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6/15/2022 9:45 AMDesRes SP7

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3/24/2021 11:37 AMWZEVA8

The Maintenance/Utility Traffic Control Guidelines is intended to describe what knowledge workers should be familiar with before they perform tasks inside the Highway Right of Way

This document is intended to blend information contained in the MUTCD with that in the NCDOT Standard & Detail Drawings to provide one source for Work Zone Traffic Control inside the Highway Right of Way.

Due to size limitations the manual has been broken down into manageable sections for easier viewing / downloading.

8/7/2014 8:41 AMMTCG Guide U&M5

AASHTO representatives to the NTPEP subcommittee voted in 1997 to establish a Work Panel Task Force to develop a draft work plan for the evaluation of Flashing Arrow Panels (Arrowboards) and Portable Changeable Message Signs (PCMS). This task force met in Washington, DC in April, 1998 to discuss and draft a work plan that was presented at the 1998 NTPEP annual conference held in Nashville, TN. Members included the NTPEP Coordinator, Mark Alderman, (VA, Chairman), Jim Kellenberger, (NC), Teresa Lewandowski, (DE), Edward Paulis (MD), Doug Tomlinson (PA). Input for this draft work plan was gathered from specifications and general comments submitted from the AASHTO members. Many of the remaining agency specifications were located on web-sites or through other research. The final work plan (see Appendix A & Appendix B ), with revisions from the NTPEP Oversight Committee, was adopted in November 1998. While this final work plan is printed as one work plan there are actually two work plans contained in the document, one for Arrowboards and one for PCMS.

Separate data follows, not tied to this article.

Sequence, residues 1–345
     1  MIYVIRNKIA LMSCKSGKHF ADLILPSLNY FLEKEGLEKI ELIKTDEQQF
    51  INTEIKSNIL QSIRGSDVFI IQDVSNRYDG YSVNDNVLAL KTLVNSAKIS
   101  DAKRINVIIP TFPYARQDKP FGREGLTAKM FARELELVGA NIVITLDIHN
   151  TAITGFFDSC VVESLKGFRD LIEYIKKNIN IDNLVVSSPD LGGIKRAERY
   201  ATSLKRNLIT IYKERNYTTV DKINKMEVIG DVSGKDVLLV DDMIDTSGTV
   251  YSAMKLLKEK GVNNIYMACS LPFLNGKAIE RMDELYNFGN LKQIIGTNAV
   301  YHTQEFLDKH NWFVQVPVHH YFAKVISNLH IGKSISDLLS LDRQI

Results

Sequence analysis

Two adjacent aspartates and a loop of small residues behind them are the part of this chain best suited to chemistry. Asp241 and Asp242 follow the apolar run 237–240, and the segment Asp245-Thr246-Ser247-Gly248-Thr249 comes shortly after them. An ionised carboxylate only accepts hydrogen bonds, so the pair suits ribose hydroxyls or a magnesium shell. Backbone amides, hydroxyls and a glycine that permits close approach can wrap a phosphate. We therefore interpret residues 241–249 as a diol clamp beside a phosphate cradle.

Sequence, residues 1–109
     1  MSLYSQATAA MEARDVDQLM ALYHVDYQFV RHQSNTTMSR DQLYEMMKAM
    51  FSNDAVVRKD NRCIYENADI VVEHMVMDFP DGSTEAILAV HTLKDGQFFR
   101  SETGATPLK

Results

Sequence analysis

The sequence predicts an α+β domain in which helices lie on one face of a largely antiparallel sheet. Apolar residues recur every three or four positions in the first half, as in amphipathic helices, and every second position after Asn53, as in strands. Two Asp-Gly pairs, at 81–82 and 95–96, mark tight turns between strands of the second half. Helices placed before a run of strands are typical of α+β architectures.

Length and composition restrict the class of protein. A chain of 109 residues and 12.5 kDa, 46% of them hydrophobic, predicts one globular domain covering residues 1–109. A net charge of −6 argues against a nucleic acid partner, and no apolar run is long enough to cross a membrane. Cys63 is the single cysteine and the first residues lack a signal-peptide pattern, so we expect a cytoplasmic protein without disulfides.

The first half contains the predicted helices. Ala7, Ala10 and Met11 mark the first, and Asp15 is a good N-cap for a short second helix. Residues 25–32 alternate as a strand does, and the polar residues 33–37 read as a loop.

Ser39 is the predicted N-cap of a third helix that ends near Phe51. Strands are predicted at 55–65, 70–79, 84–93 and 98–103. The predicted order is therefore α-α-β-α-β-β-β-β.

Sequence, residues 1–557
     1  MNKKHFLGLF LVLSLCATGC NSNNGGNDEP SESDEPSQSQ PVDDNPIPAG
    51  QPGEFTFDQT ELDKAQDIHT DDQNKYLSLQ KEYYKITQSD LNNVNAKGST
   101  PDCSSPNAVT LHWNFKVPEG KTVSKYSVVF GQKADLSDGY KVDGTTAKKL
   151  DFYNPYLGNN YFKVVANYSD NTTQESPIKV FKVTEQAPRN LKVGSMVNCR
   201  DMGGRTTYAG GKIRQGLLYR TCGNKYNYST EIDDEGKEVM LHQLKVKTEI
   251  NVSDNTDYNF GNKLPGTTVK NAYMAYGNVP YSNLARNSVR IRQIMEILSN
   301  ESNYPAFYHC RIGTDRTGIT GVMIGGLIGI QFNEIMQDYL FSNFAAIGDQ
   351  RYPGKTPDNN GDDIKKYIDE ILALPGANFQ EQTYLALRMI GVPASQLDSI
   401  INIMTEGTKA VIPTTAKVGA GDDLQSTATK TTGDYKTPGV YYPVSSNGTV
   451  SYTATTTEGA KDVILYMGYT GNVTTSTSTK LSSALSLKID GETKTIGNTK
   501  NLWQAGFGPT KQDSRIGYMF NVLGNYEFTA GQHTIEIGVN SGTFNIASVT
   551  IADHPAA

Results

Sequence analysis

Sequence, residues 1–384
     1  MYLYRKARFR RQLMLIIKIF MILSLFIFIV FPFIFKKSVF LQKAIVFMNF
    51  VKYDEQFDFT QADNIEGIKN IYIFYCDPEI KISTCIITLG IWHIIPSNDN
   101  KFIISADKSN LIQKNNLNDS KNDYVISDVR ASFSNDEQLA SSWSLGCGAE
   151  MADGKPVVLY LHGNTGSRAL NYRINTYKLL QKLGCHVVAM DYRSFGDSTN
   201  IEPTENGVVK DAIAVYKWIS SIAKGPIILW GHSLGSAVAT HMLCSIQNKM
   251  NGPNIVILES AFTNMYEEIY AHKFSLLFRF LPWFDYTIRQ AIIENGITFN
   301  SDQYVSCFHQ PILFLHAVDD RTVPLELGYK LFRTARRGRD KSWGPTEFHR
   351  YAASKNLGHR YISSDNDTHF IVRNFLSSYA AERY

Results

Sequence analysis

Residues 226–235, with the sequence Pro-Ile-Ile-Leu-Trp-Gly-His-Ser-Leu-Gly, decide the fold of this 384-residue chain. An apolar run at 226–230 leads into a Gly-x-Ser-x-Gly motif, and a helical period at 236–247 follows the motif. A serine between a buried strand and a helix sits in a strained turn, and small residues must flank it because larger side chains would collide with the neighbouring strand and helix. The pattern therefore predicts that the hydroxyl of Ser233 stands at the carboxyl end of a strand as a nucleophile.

The NTPEP Coordinator made this work plan available to Industry at-large through the American Traffic Safety Services Association (ATSSA) and solicited vendor interest for Arrowboard and PCMS testing in December of 1998. Arrowboards and PCMS were provided to NCDOT in January, 1999 with the winter tests held in February and April of 1999 and the summer tests held in July and August of 1999. Many logistical and technical obstacles had to be overcome in implementing the work plan for the first time which are discussed in the Data Charts section of this report. All Arrowboards and PCMS tested during the Winter and Summer 1999 cycle were solar powered.

The sight tests described in Section 2 of the work plan for Arrowboards and PCMS were performed in Wilson, NC at the Wilson Industrial Airport (see Appendix C for location specifics). Test sections 3 and 4 of the work plan for Arrowboards and PCMS were performed in Raleigh, NC at the NCDOT Equipment Depot.

Every effort has been made in this document to provide an accurate reflection of information discovered during the implementation of this work plan for Arrowboards and PCMS. This information should be very useful for making purchase decisions. A CD-ROM has been included to allow query and reporting of the data easier for the NTPEP user.

As a State that strongly supports the NTPEP program, it is believed that the information contained in this report will be useful in making decisions about what products or types of products best suit the purchaser’s needs. While it is never recommended to buy any device prior to an inspection of the device, it is believed extended testing by individual agencies can be eliminated by using the information contained in this report. If an agency has any specific questions about the data in this report please feel free to contact Steve Kite at 919-662-4339.​